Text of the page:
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Duluth At Large School Board candidates weigh in on the issues

Clockwise from upper left: Loren Martell, Sally Trnka, Harry Welty, Josh Gorham, Bogdana (Dana) Krivogorsky

Five candidates are vying for two At Large Duluth School Board seats. The Sept. 12 primary will leave four for the general election in November.

Those running are:

Josh Gorham, 34, a public-health nurse and Lakeside resident. He is married with three children — two at Lester Park Elementary and one not yet school age. See

Bogdana (Dana) Krivogorsky, 40, who is married with two children and lives in upper Woodland. She is a scientist, most recently employed with the University of Minnesota Duluth. See

Loren Martell, 65, a self-employed widower who lives in East Hillside.

Sally Trnka, 34, executive director of the Northern Minnesota Network who lives in Woodland. She and her partner have a son who attends Myers-Wilkins Elementary. See

Incumbent Harry Welty, 66, a former teacher who lives in Chester Park. He is married with two grown children who attended East High School and two grandchildren who attend North Star Academy. See

The following are their responses to three questions posed by the News Tribune:

What is the school district's biggest challenge, and why?

Gorham: The achievement gap, because the variety of factors that influence the disparity exist both in the school system and outside of it. For example, factors such as homelessness, food insecurity, racism and overall economic instability impact the child's likelihood of success in school. These factors can be addressed in schools to an extent, but some of the solutions go beyond the walls of the schools.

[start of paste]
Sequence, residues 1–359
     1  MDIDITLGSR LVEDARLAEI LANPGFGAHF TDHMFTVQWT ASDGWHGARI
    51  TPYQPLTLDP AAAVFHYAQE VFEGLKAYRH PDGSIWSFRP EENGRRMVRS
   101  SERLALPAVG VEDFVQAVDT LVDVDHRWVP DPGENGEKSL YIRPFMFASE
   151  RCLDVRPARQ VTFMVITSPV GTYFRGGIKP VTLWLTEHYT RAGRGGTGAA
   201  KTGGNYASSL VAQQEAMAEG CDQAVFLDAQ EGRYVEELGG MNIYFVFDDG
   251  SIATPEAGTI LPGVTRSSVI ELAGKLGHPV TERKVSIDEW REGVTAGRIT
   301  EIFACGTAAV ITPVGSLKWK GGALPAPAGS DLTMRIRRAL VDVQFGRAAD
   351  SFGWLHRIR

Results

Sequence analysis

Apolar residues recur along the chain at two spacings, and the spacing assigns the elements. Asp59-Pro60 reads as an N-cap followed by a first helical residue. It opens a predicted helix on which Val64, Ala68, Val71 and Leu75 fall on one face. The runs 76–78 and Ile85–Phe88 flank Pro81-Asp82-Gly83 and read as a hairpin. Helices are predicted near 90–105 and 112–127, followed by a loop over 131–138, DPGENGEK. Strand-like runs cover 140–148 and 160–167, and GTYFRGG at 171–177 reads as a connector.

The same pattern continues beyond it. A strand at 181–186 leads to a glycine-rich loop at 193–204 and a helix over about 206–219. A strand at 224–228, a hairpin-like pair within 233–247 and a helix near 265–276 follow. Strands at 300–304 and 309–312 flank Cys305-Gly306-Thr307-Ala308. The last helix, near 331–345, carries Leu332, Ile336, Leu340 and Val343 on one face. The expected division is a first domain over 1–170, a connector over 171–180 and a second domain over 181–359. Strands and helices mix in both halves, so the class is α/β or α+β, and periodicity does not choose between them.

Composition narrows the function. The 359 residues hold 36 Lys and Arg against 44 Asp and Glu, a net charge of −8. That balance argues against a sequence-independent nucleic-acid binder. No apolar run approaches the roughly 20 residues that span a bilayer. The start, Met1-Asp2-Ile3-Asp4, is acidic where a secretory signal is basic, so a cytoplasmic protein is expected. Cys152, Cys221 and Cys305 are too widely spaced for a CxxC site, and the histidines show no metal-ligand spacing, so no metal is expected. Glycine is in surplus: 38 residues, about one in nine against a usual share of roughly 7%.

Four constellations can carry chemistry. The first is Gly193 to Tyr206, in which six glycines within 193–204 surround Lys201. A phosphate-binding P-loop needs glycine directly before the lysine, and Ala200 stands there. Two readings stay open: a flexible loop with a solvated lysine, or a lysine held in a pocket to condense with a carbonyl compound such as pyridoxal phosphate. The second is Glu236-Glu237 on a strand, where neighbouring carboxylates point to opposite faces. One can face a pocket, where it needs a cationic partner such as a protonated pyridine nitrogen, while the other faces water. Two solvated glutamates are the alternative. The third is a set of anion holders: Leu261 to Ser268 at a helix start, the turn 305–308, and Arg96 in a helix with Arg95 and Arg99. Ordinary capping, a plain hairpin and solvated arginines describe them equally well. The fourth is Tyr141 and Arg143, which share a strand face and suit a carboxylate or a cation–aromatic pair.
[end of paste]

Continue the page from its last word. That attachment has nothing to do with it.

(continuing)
Krivogorsky: Open communication: admit mistakes and move forward. Exploring possibilities for improving and learning from past mistakes instead of shying away from the issues. Open dialogue: Yes, there is a gaping achievement gap; there is inequality and budget woes. It is ugly and unpleasant, but very much a necessary conversation.

Martell: The School Board's biggest challenge is its budget. Primarily because so many of the Red Plan's projections on savings and property sales have fallen through, the district is struggling with a structural deficit. Lack of resources has made it very tough to deal with persistent, serious problems. The board has been unable to make much progress in addressing the achievement gap and the inequities between the eastern and western parts of the district.

Trnka: Reducing the achievement gap is my top priority. A variety of national groups are creating roadmaps for reducing the achievement gap through enhanced cultural competence, comprehensive support for students, engagement with community groups, securing adequate resources and strong district support. Working with partners, I will prioritize the elimination of the achievement and access gaps. I experienced what it was like to go to a school that so strongly represented the exceptional diversity in our community at Duluth Central High School; I'd like to ensure a similar experience for all Duluth students.

Welty: Being obligated to use most of its property taxes for the retirement of Red Plan debt but only a negligible amount of its taxing power for educational expenses, which in turn has led to a 30 percent enrollment decline of eligible Duluth students. (During the 2016-17 school year, 30 percent of Duluth resident students were enrolled outside of the district.)

With declining enrollment a continual issue, how should the district attempt to attract new and former students?